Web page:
I won’t give any kind of prediction here concerning the outcome of the presidential race. Now there’s another matter of greater importance. These primaries have become some of the most striking we’ve seen in the past 10 years. Across the ocean, people are describing them as “chaotic,” “turbulent” and “an election of protest.” All of this is true, but it would be more correct to call them “recessionary.”
If all the public and media’s attention is focused on the businessman who has dismissed the ability of professional politicians to effectively govern a superpower and the elderly congressman who propagandizes about socialism in America, it means that voters are disenchanted and bitter, that the “mainstream” doesn’t have anything to offer them.
The famous political commentator John Judis, after studying polling data, found that a new coalition of voters has emerged, which he calls “the Trump-Sanders constituency.”
But distinguished analyst Michael Brendan Dougherty said straight off that neither the Democratic left-wing liberal establishment nor the Republican right-wing conservative establishment are happy about the socio-economic and political demands of the so-called radical center, one part of which has embraced Bernie Sanders and the other Donald Trump.
I agree with my American colleagues. American leftists have gotten too carried away with minorities and have completely lost sight of the working class, which has fragmented under the left’s submission to racial issues. But today, the majority of American right-wingers look more like puppets for transnational corporations that are strangling the middle class than they look, as a whole, like a fully formed conservative right.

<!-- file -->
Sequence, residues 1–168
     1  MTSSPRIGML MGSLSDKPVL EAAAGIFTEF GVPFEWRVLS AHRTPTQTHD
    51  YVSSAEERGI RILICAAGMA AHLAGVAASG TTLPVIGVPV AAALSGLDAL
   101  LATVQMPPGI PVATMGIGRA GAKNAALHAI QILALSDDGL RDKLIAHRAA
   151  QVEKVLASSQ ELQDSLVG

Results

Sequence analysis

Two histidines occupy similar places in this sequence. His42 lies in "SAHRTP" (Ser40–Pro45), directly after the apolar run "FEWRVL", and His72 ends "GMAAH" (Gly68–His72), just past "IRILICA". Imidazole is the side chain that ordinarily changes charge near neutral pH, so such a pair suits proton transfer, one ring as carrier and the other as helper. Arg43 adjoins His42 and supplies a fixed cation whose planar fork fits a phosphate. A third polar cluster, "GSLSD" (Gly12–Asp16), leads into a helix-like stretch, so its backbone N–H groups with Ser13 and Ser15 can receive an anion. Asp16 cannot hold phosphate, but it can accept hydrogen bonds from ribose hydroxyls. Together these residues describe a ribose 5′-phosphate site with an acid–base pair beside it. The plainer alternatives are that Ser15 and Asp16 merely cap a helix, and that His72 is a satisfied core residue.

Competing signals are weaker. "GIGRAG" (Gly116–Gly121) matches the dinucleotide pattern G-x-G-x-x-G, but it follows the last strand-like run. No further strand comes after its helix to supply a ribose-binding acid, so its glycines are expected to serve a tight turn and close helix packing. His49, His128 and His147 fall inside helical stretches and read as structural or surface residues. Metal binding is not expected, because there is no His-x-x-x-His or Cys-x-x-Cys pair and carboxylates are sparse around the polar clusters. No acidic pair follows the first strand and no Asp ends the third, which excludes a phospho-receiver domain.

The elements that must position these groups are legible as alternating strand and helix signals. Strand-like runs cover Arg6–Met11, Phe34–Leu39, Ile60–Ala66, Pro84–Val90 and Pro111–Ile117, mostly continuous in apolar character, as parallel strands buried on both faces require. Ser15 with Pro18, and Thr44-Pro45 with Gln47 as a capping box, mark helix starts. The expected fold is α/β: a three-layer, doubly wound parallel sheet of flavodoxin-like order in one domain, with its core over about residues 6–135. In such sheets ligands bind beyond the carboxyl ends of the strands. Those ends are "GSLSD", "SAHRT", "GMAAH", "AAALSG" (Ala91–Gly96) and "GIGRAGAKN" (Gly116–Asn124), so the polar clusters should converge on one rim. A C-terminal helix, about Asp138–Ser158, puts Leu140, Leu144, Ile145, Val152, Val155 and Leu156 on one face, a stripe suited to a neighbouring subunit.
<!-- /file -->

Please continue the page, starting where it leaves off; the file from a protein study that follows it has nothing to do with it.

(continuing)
Only at first glance does it seem that a socialist and a millionaire form diametrically opposed sides. In fact, as is made clear by the books and interviews from these candidates, both Sanders’s “political revolution” and Trump’s promise to “make America great again” are attempts to bring Roosevelt’s New Deal back to life and up to date — the New Deal that during the Great Depression made peace between trade unions and the business sector, federal power and local government, and was called “the new definition of the American dream.”
The fact that it’s precisely people like Trump and Sanders, and not party elites, who embody the American dream of the 21st century in the eyes of voters, speaks to the elite’s lost connection with humble, middle-class Americans, who are seeing their dream destroyed. Sixty-two percent of U.S. citizens believe that the country is heading in a bad direction; 67 percent are sure that the next generation will not live as well as the current one; 75 percent are convinced that American leaders are corrupt.
The white working class and small business owners, students and teachers, war veterans and public sector workers, all form the Trump-Sanders constituency. Leaning toward Trump are older and slightly less-educated people; toward Sanders, young voters and intellectuals. The millionaire and the socialist are winning over the same demographic from two different ends.
If this demographic shows up on Election Day, we will have a new American majority.
As I said before, I won’t give predictions about this election’s outcome. But I can’t help but make this prediction: However this election ends, in 2018 and 2020, the resentful Trump-Sanders electorate will not have disappeared, and the American dream will not have been magically restored.
It means that the younger generation of Democratic and Republican politicians will be forced beyond the limits of their respective party’s current political constructs in order to win over the majority that threatens the establishment with votes for Trump and Sanders.
They continue to threaten the establishment, standing on the ashes of the American dream.